Birding for the Rusty
If spring has yet to shake the cobwebs off your binoculars and get you out birding, then hopefully some newfound time and thoughts of sunlight will get add some encouragement. It always takes a day or two to pick-up on some of the unusual songs and calls of migrating birds in spring.
The aptly-named Rusty Blackbird is one of the less common birds that can be seen and heard in Berkshire County, and is often difficult to detect.
The "Rusty" is smaller than a Common Grackle, but a little bigger than a Red-winged Blackbird. Their call and song are both subtly different from the Red-winged Blackbird and Common Grackle.
Visually, they require an extra minute to find the yellow iris, thin (but not too thin) beak, and—if you're lucky—beautiful rusty shading on the females.
Sightings are Key to Conservation
Searching for Rusty Blackbirds is not only an exciting challenge for spring birding—it's also important for conservation. The species has experienced a notable population decline of almost 90% since the middle of the 20th century.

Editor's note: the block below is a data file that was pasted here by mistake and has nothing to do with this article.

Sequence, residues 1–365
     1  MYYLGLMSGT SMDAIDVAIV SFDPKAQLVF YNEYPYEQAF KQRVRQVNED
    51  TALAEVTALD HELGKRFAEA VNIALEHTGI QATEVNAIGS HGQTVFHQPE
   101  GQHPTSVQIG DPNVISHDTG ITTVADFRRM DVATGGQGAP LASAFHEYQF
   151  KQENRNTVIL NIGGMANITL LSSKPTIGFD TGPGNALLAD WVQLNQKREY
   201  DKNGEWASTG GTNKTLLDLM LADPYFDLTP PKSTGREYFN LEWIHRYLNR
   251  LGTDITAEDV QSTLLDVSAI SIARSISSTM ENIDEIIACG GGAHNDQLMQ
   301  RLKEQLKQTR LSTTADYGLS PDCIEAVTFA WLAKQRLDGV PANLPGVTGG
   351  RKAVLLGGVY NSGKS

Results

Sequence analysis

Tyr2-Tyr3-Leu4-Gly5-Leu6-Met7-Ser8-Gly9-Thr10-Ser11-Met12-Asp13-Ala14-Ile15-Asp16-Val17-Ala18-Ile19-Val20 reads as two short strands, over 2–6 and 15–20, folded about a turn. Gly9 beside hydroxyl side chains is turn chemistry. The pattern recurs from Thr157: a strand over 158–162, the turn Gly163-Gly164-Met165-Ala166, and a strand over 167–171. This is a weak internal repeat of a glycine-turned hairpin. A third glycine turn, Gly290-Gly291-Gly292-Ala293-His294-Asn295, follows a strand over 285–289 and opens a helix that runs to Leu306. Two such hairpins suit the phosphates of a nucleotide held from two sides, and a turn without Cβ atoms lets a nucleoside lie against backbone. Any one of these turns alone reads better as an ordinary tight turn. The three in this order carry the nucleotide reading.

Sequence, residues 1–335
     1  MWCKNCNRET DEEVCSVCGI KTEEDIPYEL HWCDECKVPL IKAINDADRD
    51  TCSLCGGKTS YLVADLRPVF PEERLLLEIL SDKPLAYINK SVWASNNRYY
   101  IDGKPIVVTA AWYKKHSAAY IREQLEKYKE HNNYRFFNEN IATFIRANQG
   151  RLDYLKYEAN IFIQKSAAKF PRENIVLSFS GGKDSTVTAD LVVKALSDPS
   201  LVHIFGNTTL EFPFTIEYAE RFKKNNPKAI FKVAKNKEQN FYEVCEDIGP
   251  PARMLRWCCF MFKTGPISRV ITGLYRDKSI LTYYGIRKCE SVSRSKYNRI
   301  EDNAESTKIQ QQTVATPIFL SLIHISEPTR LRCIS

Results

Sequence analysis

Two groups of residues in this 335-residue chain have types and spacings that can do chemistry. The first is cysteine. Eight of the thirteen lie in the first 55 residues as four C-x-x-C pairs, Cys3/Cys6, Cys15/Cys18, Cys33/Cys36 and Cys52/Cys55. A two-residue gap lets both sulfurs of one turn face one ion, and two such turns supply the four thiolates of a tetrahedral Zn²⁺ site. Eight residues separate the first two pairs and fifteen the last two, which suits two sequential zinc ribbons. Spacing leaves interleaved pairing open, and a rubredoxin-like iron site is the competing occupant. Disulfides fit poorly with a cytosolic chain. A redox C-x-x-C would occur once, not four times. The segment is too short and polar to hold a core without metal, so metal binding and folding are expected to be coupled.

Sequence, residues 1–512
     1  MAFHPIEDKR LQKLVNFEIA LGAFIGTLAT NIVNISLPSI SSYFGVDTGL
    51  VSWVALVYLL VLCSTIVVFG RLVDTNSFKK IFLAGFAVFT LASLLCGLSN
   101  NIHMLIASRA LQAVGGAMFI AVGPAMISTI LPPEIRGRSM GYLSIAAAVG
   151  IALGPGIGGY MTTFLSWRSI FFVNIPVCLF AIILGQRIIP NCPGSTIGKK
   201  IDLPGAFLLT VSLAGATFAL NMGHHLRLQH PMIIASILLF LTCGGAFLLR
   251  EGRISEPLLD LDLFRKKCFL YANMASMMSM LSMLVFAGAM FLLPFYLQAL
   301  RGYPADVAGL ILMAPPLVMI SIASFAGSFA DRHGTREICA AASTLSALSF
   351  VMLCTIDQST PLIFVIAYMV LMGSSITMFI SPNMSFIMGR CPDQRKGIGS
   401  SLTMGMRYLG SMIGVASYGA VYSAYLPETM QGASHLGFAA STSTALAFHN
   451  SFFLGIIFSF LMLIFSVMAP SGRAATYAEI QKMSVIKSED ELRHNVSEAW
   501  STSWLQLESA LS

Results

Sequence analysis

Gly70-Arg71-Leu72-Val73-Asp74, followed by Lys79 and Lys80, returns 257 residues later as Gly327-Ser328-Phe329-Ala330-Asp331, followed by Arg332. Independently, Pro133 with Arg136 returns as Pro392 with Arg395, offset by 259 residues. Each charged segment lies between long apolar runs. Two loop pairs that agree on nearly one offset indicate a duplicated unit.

That means it's even more important for everyone to keep an eye out for these unique birds. The more you go searching for Rusties and report your sightings on platforms like eBird, the better their populations and migratory patterns are understood.
Rusty Blackbirds have even been reported breeding the Berkshires, but are difficult to confirm. The end of March and the beginning of April have been great for finding this species. One of the most reliable locations in the Berkshires is Post Farm Marsh in Lenox, which is where the photo and sound recordings shared in this article were made.